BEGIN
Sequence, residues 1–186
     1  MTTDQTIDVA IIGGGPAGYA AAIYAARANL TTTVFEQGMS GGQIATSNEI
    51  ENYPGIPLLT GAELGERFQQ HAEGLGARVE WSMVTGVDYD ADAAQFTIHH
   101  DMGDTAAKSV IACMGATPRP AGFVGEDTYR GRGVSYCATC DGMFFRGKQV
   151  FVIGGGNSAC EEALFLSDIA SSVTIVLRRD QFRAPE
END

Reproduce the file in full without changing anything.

Sequence, residues 1–186
     1  MTTDQTIDVA IIGGGPAGYA AAIYAARANL TTTVFEQGMS GGQIATSNEI
    51  ENYPGIPLLT GAELGERFQQ HAEGLGARVE WSMVTGVDYD ADAAQFTIHH
   101  DMGDTAAKSV IACMGATPRP AGFVGEDTYR GRGVSYCATC DGMFFRGKQV
   151  FVIGGGNSAC EEALFLSDIA SSVTIVLRRD QFRAPE